***General disclaimer: Not an expert on psychology***
I can’t believe we’re reaching the end of October already. Although I have plans for Halloween, I do feel that the month has somewhat passed me by. I plan on stretching the spooky mood into November before everything gets Christmassy although, admittedly, I’m spooky all the year round.
I finished my dissertation for my Masters last month and have been adjusting to a full-time work / sleep cycle. It’s been so strange mentally, having no obligation to research since it ended. I think I am healthy, but I plan on blogging more to force myself to have that alone time. As soon as I handed in that wad of paper I grasped back all the free time I had lost over the last year and made plans for every spare moment. I said yes to everything because I enjoyed feeling like I had friends again after having to shut myself away with my own thoughts… I got burnout as a result. I’ve learned to enjoy my own company a great deal, but there’s only so much you can take before you get cabin fever, so I guess I jumped to the other extreme. Well, I’ve had my month of being too busy to breathe, so it’s time to get back to some kind of normality.
I’ve been thinking about Elisa Lam lately. I’ve been thinking about Marilyn Monroe. I’ve been thinking about how easy it is to call a woman crazy. How easy it is to simplify an inconclusive case by considering a mental illness a major factor, and other evidence as circumstantial.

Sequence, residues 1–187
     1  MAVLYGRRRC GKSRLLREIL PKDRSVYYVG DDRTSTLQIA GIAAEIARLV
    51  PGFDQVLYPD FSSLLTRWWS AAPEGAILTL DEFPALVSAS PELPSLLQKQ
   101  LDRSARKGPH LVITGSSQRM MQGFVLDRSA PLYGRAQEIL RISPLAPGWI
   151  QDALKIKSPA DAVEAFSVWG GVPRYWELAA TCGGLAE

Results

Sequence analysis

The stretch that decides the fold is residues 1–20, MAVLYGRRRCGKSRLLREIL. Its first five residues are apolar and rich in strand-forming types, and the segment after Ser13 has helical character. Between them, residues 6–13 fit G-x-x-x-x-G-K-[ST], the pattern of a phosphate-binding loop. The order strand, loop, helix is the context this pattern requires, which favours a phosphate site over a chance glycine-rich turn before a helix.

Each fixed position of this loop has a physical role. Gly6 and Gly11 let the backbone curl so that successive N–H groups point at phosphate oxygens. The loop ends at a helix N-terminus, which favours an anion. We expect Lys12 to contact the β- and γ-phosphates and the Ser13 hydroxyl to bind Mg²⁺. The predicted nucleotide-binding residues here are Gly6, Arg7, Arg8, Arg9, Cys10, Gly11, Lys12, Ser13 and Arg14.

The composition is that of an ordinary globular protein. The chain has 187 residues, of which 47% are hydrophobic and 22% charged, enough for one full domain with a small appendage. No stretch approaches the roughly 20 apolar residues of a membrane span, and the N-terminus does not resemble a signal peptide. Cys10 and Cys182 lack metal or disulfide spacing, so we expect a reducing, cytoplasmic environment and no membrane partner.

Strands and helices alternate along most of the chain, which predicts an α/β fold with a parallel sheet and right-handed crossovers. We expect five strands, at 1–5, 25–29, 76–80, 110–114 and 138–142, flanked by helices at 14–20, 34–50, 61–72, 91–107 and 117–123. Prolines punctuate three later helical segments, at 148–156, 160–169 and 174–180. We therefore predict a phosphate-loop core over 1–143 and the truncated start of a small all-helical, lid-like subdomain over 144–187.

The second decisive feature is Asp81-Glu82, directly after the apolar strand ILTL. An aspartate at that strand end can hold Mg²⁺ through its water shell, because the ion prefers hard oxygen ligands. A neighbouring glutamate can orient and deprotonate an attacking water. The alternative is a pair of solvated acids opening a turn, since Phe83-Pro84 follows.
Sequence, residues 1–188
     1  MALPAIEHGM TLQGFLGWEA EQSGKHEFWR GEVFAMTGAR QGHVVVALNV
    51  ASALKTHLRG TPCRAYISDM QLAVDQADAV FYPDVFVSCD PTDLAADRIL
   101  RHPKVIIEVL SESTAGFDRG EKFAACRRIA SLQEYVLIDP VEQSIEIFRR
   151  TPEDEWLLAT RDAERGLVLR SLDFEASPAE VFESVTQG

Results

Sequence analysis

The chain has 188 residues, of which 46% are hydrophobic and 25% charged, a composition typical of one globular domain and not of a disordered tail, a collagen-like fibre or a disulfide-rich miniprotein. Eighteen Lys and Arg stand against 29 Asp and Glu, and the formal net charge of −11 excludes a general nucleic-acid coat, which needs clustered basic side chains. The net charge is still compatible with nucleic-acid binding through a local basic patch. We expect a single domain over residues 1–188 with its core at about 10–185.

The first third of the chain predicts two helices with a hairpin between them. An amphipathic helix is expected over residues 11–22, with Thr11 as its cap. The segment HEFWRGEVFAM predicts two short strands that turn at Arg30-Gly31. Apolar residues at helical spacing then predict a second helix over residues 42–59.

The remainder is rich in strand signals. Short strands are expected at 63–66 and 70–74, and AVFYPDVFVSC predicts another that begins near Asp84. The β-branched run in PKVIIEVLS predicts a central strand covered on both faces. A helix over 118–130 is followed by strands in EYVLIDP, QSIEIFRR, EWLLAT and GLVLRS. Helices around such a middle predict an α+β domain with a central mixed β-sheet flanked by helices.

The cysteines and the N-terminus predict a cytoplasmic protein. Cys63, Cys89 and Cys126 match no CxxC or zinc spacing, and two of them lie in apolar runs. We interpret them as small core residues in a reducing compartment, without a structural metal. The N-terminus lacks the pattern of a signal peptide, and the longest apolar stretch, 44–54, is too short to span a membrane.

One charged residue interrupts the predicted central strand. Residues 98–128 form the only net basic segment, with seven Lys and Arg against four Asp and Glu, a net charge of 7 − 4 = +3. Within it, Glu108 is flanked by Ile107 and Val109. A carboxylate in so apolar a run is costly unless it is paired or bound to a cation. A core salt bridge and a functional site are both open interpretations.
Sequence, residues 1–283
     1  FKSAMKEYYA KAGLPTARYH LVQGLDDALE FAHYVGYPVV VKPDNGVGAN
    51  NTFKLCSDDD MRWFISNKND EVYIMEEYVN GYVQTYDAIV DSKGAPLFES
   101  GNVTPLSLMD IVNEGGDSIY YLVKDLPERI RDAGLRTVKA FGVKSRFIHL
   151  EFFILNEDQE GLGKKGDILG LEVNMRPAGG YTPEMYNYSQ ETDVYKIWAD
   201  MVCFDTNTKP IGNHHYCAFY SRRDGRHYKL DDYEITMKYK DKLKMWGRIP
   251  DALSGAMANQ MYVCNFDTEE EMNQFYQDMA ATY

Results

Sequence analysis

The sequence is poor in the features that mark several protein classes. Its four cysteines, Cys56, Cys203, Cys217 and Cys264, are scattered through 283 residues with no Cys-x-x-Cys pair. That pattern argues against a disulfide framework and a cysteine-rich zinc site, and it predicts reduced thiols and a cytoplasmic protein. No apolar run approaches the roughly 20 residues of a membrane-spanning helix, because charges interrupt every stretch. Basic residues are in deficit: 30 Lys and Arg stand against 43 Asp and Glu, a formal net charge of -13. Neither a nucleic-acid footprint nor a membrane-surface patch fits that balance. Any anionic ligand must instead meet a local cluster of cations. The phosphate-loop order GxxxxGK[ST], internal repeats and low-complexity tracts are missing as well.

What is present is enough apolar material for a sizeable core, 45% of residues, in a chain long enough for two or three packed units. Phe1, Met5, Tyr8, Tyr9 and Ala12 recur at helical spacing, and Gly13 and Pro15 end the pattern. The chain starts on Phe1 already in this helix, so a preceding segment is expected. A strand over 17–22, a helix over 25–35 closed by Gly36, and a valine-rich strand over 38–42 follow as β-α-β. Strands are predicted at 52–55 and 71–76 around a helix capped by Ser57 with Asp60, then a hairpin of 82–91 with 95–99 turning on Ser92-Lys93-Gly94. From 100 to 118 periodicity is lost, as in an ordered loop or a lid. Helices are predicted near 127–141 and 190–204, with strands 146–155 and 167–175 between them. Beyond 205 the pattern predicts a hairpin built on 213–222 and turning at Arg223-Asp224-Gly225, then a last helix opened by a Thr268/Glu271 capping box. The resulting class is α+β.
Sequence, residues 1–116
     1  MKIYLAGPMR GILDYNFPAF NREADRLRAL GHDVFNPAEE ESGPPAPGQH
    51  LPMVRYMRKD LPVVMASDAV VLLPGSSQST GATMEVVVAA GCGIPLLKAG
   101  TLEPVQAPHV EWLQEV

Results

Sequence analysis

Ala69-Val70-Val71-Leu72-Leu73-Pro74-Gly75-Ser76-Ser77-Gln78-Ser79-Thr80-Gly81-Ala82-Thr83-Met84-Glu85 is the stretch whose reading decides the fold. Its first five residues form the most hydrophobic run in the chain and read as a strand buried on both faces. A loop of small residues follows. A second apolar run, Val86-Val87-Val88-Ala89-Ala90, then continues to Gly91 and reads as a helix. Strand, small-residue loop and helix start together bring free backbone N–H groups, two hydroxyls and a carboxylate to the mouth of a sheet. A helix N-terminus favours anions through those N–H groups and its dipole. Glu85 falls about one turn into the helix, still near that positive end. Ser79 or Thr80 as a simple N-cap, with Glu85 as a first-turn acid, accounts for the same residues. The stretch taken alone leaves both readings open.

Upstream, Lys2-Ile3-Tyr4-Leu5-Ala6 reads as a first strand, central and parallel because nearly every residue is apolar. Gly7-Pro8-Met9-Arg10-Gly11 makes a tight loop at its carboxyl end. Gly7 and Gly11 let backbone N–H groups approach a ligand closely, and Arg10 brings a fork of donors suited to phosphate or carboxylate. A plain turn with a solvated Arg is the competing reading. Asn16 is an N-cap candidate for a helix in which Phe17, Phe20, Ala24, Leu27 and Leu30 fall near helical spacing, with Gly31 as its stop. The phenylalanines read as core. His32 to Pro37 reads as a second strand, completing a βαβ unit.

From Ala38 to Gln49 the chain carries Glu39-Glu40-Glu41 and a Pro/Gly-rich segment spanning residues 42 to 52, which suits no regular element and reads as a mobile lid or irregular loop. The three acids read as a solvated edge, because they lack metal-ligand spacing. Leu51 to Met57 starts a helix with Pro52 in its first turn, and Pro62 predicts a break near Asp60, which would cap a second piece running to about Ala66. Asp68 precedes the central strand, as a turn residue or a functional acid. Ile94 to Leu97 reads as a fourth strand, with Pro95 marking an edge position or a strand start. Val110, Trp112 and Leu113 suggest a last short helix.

In February 2013, a young Canadian tourist was found dead in a water tank on the roof of the Cecil Hotel, following complaints that the water was running black and had an odd taste. She had been decomposing for up to 19 days. As anyone with basic knowledge of the case will know, the LAPD released this video, which is surveillance footage of an elevator in the hotel where Elisa was seen behaving seemingly bizarrely before her death. If you are easily shaken, I wouldn’t advise watching it late at night. The footage has been the subject of much controversy, namely because a whole minute has been removed, the timestamp is obscured and other parts are slowed down or otherwise corrupted. It is unclear why the video was tampered with and, furthermore, why other footage of Elisa seen with two strange men prior to the elevator video has not been released to the public.
The subject of most controversy, however, is how and why Elisa Lam died the way she did, considering the strange anomalies in the case, and her odd behaviour in the elevator. The police first marked the case as ‘suspicious’, then concluded accidental death, which was then changed because of error to inconclusive, and later changed back to accidental death. The coroner’s report considered Elisa’s bipolar disorder as an important factor in the case, which has been much disputed, and it has been identified that one of the coroners working on the case was sued for his mishandling of an autopsy in another case. In a hotel with a grizzly history on which a long-term resident remarked, “So many things have happened in this place that nothing surprises me”, Elisa Lam’s death could easily have been brushed under the carpet over time; however, in 2017, we don’t want to let it go. There is a divide in the paranormal community in this tenacious grip on the case; some are out there to prove that Elisa was suffering from a manic episode and hallucinating, and others refuse to believe that her mental illness could have contributed to her death. Some believe she was playing a terrifying, ritualistic ‘elevator game’ and was trying to get back from another dimension called the ‘Otherworld’.